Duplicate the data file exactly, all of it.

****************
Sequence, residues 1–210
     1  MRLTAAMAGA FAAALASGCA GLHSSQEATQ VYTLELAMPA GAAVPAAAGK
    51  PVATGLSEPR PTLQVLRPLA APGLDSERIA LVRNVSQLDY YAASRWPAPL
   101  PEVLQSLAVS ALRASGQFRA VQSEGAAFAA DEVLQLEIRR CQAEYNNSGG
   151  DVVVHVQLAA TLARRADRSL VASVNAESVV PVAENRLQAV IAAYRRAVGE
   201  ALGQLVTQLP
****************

Sequence, residues 1–210
     1  MRLTAAMAGA FAAALASGCA GLHSSQEATQ VYTLELAMPA GAAVPAAAGK
    51  PVATGLSEPR PTLQVLRPLA APGLDSERIA LVRNVSQLDY YAASRWPAPL
   101  PEVLQSLAVS ALRASGQFRA VQSEGAAFAA DEVLQLEIRR CQAEYNNSGG
   151  DVVVHVQLAA TLARRADRSL VASVNAESVV PVAENRLQAV IAAYRRAVGE
   201  ALGQLVTQLP